A day after gloom descended on Wall Street, the Dow rebounded, bringing more than a few media stocks up with it.

The Dow, which plummeted 504 points Monday in the worst drop since the Sept. 11 terrorist attacks, rose 141 Tuesday. Traders are still sifting through the weekend’s storm of news involving the sale of Merrill Lynch and the bankruptcy of Lehman Bros. as well as the wobbly state of another major firm, insurance giant AIG.

For the media biz, Wall Streeters said the repercussions from Monday’s meltdown will be significant:

  • Private equity coin for deals and pic financing is likely to disappear.

  • Mergers and acquisitions in the media sector will be few and far between in the near term.

  • Caution will be the watchword in biz planning as the financing markets tighten up even more.

“It’s been an incredibly slow year for the media M&A landscape,” said Quadrangle chief Steven Rattner Tuesday ayem during a panel discussion at the Four Seasons sponsored by Portfolio magazine. “I think what’s happened in the last few days is simply going to exacerbate that and you are gong to have less availability of credit.”

The enfeebling of major banks has meant that no private equity deal of note has closed since summer 2007, Rattner noted. The ratio of debt to equity has fallen accordingly, and the number of front-rank banks willing and able to lend money for media deals has dwindled to zero.

NBC Universal topper Jeff Zucker, who was also on the panel, noted the conglom’s recent $3 billion purchase, via a private equity consortium, of the Weather Channel, but he still agreed with Rattner’s general take.

While underscoring how reluctant dealmakers will be in the near term, he took care to bat away three persistent rumors: that NBC U would be sold by GE, that DreamWorks would be brought into the NBC U orbit (though “we’ve talked”) and that NBC Entertainment chief Ben Silverman would be out of a job.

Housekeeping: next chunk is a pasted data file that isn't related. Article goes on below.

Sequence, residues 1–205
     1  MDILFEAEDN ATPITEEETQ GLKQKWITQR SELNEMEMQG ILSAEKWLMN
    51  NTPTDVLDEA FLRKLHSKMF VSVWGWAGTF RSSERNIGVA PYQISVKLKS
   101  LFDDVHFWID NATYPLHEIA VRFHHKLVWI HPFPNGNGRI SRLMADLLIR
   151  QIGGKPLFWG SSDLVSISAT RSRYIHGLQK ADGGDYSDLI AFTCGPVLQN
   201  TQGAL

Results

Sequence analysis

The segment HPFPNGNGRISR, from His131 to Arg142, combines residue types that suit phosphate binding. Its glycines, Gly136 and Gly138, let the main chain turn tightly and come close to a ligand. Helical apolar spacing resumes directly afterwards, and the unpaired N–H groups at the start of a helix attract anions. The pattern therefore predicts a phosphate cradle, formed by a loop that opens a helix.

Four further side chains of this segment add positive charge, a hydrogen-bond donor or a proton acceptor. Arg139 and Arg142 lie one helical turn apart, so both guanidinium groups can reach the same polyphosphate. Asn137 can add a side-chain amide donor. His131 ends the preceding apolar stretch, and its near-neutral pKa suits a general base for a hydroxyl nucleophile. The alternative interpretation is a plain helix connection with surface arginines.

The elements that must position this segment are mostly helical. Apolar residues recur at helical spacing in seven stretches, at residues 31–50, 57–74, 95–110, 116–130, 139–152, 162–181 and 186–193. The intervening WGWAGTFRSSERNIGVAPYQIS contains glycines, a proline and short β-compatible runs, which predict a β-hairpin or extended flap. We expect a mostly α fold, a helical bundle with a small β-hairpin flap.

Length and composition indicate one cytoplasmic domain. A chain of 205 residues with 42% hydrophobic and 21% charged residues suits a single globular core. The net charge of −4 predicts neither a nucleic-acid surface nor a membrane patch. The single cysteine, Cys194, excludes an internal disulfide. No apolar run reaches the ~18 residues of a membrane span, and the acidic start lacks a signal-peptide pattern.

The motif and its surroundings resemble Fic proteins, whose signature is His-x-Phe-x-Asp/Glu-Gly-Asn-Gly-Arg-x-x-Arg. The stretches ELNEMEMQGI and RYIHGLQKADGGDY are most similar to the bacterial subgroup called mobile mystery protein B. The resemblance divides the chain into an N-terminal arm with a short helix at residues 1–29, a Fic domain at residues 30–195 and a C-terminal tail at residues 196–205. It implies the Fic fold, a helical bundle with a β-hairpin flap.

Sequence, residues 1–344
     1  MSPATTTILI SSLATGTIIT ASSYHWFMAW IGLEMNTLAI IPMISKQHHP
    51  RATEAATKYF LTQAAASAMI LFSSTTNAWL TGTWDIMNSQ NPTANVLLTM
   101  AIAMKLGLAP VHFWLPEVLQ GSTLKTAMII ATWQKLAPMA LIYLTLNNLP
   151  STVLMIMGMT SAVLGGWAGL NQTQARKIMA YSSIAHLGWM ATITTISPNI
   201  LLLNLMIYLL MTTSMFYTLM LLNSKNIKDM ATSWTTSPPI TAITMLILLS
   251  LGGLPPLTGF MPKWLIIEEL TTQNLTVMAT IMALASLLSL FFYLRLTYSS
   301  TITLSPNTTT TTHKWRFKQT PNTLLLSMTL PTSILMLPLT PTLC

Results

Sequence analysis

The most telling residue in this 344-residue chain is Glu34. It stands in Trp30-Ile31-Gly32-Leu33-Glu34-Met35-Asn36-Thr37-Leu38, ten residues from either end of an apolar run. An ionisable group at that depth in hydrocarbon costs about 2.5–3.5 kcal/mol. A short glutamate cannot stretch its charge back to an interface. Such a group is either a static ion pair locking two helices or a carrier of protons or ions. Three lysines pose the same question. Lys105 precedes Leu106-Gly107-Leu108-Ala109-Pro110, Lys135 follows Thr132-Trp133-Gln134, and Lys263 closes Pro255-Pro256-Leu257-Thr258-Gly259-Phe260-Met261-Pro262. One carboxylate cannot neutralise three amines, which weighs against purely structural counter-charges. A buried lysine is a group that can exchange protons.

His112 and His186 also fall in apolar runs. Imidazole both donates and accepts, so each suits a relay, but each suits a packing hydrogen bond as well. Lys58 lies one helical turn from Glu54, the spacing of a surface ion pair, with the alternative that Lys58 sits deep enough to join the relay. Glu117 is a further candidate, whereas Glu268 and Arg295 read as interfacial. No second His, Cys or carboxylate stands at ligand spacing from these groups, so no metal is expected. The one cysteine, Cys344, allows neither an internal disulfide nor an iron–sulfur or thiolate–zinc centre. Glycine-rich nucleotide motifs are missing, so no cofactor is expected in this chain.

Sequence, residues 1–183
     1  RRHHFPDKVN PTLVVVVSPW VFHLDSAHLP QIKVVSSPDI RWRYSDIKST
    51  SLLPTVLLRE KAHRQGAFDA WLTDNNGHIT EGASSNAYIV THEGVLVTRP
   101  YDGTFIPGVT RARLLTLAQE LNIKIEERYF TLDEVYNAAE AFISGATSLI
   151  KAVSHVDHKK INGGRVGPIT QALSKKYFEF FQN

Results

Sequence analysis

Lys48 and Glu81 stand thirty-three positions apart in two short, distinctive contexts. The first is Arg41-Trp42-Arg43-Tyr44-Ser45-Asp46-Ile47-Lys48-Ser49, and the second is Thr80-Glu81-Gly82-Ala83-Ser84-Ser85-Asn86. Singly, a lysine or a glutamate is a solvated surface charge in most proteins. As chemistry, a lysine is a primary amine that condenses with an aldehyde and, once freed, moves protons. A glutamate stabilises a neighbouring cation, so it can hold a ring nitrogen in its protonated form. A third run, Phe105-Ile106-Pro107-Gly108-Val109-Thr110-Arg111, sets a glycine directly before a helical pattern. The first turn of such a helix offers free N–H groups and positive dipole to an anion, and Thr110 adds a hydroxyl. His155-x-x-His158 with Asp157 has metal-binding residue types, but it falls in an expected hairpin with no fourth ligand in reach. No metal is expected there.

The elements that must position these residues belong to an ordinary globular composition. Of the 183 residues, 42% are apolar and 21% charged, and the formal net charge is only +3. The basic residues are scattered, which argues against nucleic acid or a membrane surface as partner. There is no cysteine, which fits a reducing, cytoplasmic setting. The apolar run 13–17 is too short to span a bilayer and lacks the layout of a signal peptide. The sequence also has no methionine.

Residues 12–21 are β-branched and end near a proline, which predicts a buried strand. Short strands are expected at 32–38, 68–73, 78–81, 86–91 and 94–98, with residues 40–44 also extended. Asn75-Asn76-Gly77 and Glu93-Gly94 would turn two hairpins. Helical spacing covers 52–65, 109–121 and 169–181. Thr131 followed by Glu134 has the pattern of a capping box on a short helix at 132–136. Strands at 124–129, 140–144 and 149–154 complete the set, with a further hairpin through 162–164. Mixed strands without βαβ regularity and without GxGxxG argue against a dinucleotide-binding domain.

As the world cools down in the next couple of months, Zucker said, “We need to make sure our things are in order.”

“We are going to have to continue to transform our portfolio, because we can’t be defined by our broadcast, so I think we take the next couple months to figure out where we want to go. International is a place where we have been active and where we are going to continue to look. I think the digital landscape on the M&A (front) has just been too expensive. I think the prices have been way out of whack.”

On the front lines of the market Tuesday, shares in Cablevision, Disney, Regal Entertainment and DreamWorks Animation posted slight gains, while slippage by other conglom stocks was generally modest and not directly linked to the banking chaos. Viacom was one of the hardest hit, shedding 3.2% to close at $25.70, down from its previous 52-week low of $26.05 and a hefty drop from its 52-week high of $45.40.

News Corp. fell a quarter to $13.56. Sony lost a nickel to $33.67. Liberty Entertainment fell 36¢ to $25.48.

Execs at the major media congloms will be on the front lines this week in Gotham for the fortuitously timed Goldman Sachs media conference. Time Warner’s Jeffrey Bewkes, CBS’ Leslie Moonves and DreamWorks’ Jeffrey Katzenberg are among the heavy hitters on the docket.

In recent weeks, as the economy struggled, execs have staunchly insisted that given entrenched consumer habits, the media biz is buffered from the worst of the downturn to some extent. Stellar TV ratings records for the Olympics, the political conventions and college football, plus a better-than-expected showing at the summer B.O., lent some support to their stance.

Mel Karmazin, chief exec of Sirius XM, had a different view of the short-term marketplace than his fellow panelists at the Portfolio-sponsored gabfest.

“What’s going to happen is that sellers’ expectations are going to have to come down; banks will be willing to lend, but lend very conservatively. There’ll be people out there with equity who are interested in buying, but not buying at the kind of multiples that the sellers are currently expecting.”

Karmazin recalled launching Infinity Radio, which vaulted him into the media spotlight when it became part of CBS and then Viacom, at a rough time in 1981 when interest rates topped 20% and the economy was ailing.

Karmazin repeatedly said that the new president will be able to lift the economy. A few eyebrows were raised by his reply to one audience member’s question about which candidate would be better for the economy.

He recalled the struggle to win a vote in favor of the Sirius-XM merger. “The two Democrats weren’t even close” to approving it, he said. “McCain is better than the alternative.”